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Image Fusion

When Fluke IR-fusion® was first launched, I wondered whether or not it would be perceived as just another marketing gimmick, and if not, how well it would be used. Time has proven that few find it gimmicky and most use it very well.

In the field I nearly always use the Full Infrared setting (left) for IR-Fusion® rather than the Picture-in-picture setting (right) which results in a smaller version of the thermal image. The blue area is where air is leaking into the kitchen exhaust fan ductwork.

Over the years, I’ve learned a couple tricks about IR-fusion® that I wanted to pass along. First, while in the field I nearly always use the Full Infrared setting. Remember, no matter how the image is set up I can change it later in Smartview, given that I’ve saved the images in an IS2 format, to whatever I want.

I see many people use the Picture-in-picture setting while in the field, but I don’t recommend it. Why? I want to use every bit of the screen to display the vital thermal information rather than just seeing a small portion of the center of the screen.

I also see many new thermographers using the Blended setting in the field. Again, I do not generally recommend this. Not only do we want a full infrared image, but we don’t want to make a mistake common to using the blended setting. Experienced thermographers know glass is opaque, but the blended setting has caused many new thermographers to assume they are seeing through a window.

Once I’ve imported the image file into Smartview, I switch the setting as appropriate. For reports, I’m a big fan of both the Picture-in-picture setting, as well as the Blended settings, because they so powerfully show the relationships between the visual and thermal worlds.

And don’t forget this important fact: when your IR image is in focus, the alignment of the thermal and visual images in IR-fusion® is perfect. No imager manufacturer other than Fluke can say that and it is worth a lot!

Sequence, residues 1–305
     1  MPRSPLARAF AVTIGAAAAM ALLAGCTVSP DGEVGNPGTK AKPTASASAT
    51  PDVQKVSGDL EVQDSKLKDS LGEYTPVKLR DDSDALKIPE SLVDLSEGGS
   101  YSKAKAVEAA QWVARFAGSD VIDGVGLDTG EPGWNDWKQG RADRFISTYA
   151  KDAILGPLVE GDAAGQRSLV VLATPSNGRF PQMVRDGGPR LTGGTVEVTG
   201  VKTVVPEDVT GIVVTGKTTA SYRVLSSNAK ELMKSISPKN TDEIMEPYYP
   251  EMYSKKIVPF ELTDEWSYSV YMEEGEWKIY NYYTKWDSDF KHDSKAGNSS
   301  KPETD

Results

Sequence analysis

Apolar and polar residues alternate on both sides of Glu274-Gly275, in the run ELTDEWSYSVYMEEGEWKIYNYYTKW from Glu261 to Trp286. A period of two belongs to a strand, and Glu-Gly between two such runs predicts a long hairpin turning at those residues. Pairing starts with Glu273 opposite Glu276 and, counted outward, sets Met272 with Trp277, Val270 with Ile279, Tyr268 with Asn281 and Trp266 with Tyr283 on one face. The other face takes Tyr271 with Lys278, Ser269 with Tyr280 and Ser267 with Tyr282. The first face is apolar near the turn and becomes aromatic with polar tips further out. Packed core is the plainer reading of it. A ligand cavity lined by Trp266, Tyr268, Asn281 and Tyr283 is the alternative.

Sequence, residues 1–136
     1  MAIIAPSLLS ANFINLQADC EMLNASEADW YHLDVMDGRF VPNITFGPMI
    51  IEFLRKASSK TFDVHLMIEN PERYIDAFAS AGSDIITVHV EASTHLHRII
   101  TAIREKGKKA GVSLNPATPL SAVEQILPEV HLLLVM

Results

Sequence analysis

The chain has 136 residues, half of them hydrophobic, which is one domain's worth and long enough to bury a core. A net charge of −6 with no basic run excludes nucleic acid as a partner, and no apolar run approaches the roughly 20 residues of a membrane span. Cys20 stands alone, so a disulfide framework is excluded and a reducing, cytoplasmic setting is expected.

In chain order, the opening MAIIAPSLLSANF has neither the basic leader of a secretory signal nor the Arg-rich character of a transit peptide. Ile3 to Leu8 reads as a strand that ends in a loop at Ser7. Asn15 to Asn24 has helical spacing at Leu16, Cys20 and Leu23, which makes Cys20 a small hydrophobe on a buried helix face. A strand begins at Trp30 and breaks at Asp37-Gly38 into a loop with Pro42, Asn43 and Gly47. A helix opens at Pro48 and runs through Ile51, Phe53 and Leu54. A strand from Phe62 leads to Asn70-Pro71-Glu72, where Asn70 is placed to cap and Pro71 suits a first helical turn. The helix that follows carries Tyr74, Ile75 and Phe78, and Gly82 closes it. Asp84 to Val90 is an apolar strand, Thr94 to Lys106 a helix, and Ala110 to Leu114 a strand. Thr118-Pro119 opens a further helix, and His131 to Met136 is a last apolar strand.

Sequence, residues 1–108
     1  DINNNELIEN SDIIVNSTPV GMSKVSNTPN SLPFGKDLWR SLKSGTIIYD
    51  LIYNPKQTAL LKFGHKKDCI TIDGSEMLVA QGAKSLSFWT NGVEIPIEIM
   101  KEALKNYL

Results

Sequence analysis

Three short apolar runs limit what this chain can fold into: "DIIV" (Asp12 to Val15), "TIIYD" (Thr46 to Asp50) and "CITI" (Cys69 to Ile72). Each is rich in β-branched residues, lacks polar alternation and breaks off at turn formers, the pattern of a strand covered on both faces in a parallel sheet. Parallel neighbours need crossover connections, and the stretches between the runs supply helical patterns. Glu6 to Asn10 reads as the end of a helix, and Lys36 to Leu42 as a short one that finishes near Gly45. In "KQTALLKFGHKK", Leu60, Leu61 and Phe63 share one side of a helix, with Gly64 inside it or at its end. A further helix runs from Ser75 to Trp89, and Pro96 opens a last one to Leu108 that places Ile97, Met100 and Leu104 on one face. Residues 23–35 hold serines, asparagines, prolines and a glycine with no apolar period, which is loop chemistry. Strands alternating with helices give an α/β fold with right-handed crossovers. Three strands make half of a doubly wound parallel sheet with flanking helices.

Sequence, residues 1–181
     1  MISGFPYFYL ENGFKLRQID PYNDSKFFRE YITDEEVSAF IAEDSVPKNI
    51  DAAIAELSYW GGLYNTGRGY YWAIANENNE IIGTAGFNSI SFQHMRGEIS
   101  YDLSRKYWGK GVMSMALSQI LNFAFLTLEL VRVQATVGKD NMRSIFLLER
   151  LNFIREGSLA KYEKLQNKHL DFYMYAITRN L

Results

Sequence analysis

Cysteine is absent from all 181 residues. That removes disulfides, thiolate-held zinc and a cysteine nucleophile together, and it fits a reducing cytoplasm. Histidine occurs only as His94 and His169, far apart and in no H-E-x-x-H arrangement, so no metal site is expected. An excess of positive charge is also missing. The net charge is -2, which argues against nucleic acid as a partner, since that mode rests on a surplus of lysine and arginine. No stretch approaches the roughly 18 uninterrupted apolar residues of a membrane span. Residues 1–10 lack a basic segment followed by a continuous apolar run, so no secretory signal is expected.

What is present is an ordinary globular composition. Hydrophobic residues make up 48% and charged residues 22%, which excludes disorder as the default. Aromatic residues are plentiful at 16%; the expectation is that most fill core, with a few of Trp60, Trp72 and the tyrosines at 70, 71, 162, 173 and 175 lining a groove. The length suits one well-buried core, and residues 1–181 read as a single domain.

Take some time this week and explore how the various IR-fusion® setting work and which are best at showing the information you want. And please let us know what you think in the comments section so others can learn from your experiences!

Thinking Thermally,

John Snell—The Snell Group, a Fluke Thermal Imaging Blog content partner

2 comments to Image Fusion

  • Ben Duffey

    I am using the picture in picture and blended setting when sorting the images for reporting usually on insulation problems such as in boilers or heaters in chemical environments. Using picture in picture and blended settings when taking the images I find a bit difficult and as you say, I also want every bit of the screen to see the thermal image. I find using the blended setting very important for showing the areas of interest when looking for temperatures above a specified temperature. When we bought our imager this features was the deciding factor.

  • John Snell

    Right on! The blended is particularly useful as you are employing it. Congrats! Glad to hear it is working well for you. Any issues I can help you with?

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